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Sequence analysis of the ida5 mutation. Sequencing  patterns of the partial cDNA clones obtained from wild type and  ida5 by RT-PCR were shown side by side. (Arrow, right) Position  of a base (C) deletion (asterisks). The altered cDNA and amino  acid sequences are shown at the bottom. The leftmost asparagine  is at amino acid 265. The deletion in ida5 results in a stop codon  TGA at position 268.
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Figure 2: Sequence analysis of the ida5 mutation. Sequencing patterns of the partial cDNA clones obtained from wild type and ida5 by RT-PCR were shown side by side. (Arrow, right) Position of a base (C) deletion (asterisks). The altered cDNA and amino acid sequences are shown at the bottom. The leftmost asparagine is at amino acid 265. The deletion in ida5 results in a stop codon TGA at position 268.

Mentions: The above finding, together with the recent mapping of the actin gene to a locus near that of ida5 (right arm of linkage group XIV) by C. Silflow and P. Lefebvre (personal communication), suggested that the mutant ida5 might have a mutation in the actin-encoding gene itself. We thus analyzed its actin gene. Actin cDNA was isolated from an ida5 cDNA library using the wild-type actin cDNA as the probe. One of the two clones obtained was sequenced over its entire length. The sequence indicated that a base (C) had been deleted from the CCCC sequence starting at nucleotide 838 (in the cDNA nucleotide sequence registered in EMBL/DDBJ/GenBank). The same deletion was found in a cDNA fragment obtained by RTPCR from total ida5 RNA (see Materials and Methods). This deletion should cause a frame shift and produce a stop codon at the amino acid position 268, i.e., at about two-thirds of the total of 377 amino acids (Fig. 2). Hence, no functional actin should be produced in this mutant since the COOH-terminal 110–amino acid sequence is essential to the actin assembly and function (Kabsch et al., 1990). However, although Northern blotting detected the presence of full-length actin mRNA (data not shown), Western blot analysis using an antibody against NH2-terminal 11–amino acid sequence did not detect any truncated actin (see Fig. 4). Truncated products, if any, may be degraded quickly in the cytoplasm.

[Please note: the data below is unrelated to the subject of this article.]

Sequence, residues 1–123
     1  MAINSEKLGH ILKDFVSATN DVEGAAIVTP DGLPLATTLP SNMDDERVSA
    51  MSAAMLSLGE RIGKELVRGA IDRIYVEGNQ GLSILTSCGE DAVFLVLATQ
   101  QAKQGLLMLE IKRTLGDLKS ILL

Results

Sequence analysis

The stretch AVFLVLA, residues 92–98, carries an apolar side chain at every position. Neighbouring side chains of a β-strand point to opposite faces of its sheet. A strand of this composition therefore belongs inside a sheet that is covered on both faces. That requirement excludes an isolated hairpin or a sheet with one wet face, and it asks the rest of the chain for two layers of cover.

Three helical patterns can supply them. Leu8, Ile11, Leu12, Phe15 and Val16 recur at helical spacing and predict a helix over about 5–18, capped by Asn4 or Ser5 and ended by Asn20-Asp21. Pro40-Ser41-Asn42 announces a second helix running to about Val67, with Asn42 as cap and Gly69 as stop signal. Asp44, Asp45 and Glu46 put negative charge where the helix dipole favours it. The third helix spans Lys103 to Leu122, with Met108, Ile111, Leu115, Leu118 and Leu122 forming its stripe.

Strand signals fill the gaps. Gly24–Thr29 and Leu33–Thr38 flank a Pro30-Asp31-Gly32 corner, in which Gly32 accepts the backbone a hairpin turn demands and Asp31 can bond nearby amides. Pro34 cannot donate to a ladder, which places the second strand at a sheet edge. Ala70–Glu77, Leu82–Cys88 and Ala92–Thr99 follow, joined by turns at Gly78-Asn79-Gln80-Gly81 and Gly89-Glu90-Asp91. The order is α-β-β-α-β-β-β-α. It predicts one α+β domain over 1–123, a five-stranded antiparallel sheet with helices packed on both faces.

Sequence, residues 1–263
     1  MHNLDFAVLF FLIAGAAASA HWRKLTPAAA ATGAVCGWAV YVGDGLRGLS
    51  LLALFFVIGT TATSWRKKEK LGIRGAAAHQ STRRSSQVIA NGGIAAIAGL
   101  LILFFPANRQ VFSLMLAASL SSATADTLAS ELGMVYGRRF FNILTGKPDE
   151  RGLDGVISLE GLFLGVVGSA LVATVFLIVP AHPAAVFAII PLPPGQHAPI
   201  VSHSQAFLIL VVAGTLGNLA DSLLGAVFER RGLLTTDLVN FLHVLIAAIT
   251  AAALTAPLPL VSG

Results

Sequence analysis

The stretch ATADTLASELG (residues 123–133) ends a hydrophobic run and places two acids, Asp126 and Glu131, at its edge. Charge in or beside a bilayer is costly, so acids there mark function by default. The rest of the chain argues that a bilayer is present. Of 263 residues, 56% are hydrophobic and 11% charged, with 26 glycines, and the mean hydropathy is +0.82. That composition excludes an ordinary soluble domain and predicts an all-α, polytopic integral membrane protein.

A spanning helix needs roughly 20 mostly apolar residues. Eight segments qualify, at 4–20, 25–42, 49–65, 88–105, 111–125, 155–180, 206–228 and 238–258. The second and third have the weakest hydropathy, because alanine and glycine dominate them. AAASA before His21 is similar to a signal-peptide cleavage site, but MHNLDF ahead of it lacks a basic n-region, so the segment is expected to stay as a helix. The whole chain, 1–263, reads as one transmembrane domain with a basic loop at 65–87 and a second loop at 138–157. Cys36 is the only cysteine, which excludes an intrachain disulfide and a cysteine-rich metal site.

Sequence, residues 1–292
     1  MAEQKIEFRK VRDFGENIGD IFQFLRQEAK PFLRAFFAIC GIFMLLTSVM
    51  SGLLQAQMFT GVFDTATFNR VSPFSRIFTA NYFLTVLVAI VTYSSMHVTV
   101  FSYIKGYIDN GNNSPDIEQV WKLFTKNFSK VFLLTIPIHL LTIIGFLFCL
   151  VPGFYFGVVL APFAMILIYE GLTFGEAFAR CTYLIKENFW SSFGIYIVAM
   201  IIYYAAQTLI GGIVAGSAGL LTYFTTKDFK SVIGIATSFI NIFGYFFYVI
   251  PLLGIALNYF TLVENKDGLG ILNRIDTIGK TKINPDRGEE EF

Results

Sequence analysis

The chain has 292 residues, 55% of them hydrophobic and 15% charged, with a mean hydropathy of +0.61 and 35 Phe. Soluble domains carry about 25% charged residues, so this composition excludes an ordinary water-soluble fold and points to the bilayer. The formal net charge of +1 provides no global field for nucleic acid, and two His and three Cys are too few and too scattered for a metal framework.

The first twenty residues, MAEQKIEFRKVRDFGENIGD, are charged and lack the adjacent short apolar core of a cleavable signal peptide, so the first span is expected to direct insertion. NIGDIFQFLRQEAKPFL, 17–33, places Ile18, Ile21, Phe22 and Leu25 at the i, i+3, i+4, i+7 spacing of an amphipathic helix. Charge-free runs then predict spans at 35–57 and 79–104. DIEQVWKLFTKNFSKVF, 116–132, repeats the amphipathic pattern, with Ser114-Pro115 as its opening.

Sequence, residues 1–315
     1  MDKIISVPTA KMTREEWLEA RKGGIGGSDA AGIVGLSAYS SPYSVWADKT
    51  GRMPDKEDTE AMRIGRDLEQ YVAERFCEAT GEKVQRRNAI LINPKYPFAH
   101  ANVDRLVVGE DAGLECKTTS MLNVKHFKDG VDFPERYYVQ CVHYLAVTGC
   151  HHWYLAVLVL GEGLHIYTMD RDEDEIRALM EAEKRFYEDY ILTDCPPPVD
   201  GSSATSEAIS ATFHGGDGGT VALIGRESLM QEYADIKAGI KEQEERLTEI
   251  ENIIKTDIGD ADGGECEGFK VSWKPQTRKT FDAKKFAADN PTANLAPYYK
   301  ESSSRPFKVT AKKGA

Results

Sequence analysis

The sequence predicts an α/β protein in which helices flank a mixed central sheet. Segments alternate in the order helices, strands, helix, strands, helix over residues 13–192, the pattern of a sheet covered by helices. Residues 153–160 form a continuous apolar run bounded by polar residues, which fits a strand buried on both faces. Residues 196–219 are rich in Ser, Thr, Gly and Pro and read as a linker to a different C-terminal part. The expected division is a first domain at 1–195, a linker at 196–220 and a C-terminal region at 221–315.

Chlamydomonas inner-arm dynein mutant, ida5, has a mutation in an actin-encoding gene.

Kato-Minoura T, Hirono M, Kamiya R - J. Cell Biol. (1997)